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Bacon, David William

BACON, DAVID WILLIAM

First bishop of Portland, Maine; b. Brooklyn, N.Y., Sept. 15, 1813; d. New York City, Nov. 5, 1874. He was the son of William and Elizabeth (Redmond) Bacon. After study at the Sulpician College, Montreal, Canada, and Mt. St. Mary's Seminary, Emmitsburg, Md., he was ordained by Archbishop Samuel Eccleston on December 13, 1838. Following parish assignments in northern New York and in New Jersey, he was sent to Brooklyn to organize the new parish of the Assumption of Our Lady, where he was pastor from 1841 to 1855. He was appointed bishop of Portland, and was consecrated by Archbishop John Hughes in St. Patrick's Cathedral, New York City, on April 22, 1855. His diocese, which included Maine and New Hampshire, was aided by Jesuits who served Catholics in central Maine and by priests from Quebec, Canada, who ministered to Franco-Americans in northern Maine. Educational and charitable needs were met by the Sisters of Mercy, who established their first house in Manchester, N.H. (1858), and extended their work in Maine to Bangor (1865), Whitefield (1871), and Portland (1873). Bacon was a notable pulpit orator. He built the Cathedral of the Immaculate Conception, and he attended Vatican Council I. By the time of his death, his diocese possessed 52 priests, and its Catholic population, mainly Irish-Americans and Franco-Americans, had doubled to about 80,000.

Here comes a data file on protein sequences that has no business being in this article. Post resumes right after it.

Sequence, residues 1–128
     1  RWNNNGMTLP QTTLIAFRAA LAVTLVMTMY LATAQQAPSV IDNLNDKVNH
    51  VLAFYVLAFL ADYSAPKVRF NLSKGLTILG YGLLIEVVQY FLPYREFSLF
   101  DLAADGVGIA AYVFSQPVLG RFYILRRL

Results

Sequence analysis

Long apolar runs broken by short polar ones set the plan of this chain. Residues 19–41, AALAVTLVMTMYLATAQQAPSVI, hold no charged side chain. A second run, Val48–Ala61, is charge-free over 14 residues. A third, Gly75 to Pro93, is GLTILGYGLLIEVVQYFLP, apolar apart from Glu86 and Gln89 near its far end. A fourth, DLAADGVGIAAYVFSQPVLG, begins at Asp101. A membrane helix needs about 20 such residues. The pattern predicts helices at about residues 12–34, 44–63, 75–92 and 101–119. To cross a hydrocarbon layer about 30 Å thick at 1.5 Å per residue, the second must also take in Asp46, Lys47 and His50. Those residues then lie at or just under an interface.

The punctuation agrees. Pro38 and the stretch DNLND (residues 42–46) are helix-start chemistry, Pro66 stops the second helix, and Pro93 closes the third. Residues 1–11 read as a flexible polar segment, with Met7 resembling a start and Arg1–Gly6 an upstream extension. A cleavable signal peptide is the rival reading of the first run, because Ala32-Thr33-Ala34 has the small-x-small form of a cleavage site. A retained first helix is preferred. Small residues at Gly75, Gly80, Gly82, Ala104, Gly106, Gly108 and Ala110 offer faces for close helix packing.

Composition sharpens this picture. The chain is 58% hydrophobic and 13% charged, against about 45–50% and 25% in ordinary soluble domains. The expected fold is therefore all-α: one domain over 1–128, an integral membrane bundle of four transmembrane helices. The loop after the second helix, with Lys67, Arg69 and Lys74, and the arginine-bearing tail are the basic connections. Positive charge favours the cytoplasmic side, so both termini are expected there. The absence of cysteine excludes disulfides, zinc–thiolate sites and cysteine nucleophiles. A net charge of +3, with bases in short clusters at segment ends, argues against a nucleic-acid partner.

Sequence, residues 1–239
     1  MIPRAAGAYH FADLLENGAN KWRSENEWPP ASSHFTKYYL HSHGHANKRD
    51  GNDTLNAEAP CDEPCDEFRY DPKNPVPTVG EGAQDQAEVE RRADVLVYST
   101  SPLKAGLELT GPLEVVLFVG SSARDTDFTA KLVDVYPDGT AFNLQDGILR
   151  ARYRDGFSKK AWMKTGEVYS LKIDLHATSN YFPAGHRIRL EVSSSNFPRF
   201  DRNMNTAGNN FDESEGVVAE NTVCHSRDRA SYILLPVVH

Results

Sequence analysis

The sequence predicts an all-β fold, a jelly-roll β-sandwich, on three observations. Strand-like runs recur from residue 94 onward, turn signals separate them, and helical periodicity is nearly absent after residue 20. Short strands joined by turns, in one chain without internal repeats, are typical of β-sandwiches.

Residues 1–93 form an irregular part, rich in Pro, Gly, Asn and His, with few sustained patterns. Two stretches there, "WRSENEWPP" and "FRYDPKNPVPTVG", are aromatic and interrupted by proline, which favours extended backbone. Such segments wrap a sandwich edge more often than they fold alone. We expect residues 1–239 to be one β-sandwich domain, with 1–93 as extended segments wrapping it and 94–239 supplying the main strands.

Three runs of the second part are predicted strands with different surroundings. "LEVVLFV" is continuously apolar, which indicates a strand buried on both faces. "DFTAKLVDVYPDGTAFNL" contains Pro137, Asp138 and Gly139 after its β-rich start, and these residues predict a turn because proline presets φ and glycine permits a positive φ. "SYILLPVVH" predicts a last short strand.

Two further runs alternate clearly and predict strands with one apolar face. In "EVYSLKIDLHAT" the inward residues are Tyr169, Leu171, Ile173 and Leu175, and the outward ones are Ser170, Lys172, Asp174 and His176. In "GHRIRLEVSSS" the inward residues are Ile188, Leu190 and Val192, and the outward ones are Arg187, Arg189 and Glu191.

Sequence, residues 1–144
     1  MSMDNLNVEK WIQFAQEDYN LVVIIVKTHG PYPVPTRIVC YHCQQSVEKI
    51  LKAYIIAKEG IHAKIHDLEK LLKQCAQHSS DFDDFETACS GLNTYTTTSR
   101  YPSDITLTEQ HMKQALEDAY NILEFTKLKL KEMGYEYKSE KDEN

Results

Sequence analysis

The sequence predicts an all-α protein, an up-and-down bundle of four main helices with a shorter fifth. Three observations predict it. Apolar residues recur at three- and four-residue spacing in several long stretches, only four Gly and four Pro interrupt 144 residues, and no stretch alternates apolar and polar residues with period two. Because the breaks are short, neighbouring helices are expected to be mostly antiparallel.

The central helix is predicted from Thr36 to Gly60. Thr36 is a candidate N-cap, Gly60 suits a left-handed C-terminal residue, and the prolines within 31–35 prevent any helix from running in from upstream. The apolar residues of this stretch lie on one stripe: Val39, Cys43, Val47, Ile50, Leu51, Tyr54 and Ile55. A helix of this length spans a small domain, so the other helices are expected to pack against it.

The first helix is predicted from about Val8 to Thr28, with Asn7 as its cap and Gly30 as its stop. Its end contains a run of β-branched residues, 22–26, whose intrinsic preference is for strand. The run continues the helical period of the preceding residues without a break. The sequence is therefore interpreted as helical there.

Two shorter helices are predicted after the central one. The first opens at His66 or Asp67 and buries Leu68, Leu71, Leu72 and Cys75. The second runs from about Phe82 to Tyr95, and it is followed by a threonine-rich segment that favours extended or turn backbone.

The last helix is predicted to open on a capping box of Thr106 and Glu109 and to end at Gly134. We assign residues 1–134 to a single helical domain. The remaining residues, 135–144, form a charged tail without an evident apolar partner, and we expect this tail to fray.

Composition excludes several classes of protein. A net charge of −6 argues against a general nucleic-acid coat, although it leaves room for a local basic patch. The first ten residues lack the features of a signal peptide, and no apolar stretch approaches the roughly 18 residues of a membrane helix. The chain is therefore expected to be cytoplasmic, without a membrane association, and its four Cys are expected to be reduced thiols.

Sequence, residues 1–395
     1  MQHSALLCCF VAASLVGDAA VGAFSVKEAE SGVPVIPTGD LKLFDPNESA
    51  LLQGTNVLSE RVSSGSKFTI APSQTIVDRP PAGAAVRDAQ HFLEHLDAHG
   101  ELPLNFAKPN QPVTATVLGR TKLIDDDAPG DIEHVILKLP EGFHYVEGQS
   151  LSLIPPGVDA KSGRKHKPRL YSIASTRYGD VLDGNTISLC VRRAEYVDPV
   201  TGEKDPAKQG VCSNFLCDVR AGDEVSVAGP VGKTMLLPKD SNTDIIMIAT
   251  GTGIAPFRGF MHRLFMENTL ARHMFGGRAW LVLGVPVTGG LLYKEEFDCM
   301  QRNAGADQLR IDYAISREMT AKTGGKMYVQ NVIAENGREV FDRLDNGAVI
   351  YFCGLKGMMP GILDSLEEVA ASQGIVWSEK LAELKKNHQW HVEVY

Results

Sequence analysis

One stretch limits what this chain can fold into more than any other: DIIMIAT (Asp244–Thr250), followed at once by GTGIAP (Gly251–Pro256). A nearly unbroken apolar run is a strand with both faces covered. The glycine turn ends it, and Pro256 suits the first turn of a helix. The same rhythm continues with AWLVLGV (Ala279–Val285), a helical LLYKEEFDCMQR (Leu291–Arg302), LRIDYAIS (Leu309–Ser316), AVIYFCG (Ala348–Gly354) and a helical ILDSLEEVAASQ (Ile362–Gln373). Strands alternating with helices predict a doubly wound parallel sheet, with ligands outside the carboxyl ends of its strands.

Bibliography: w. l. lucey, The Catholic Church in Maine (Francestown, N.H. 1957).

[w. l. lucey]

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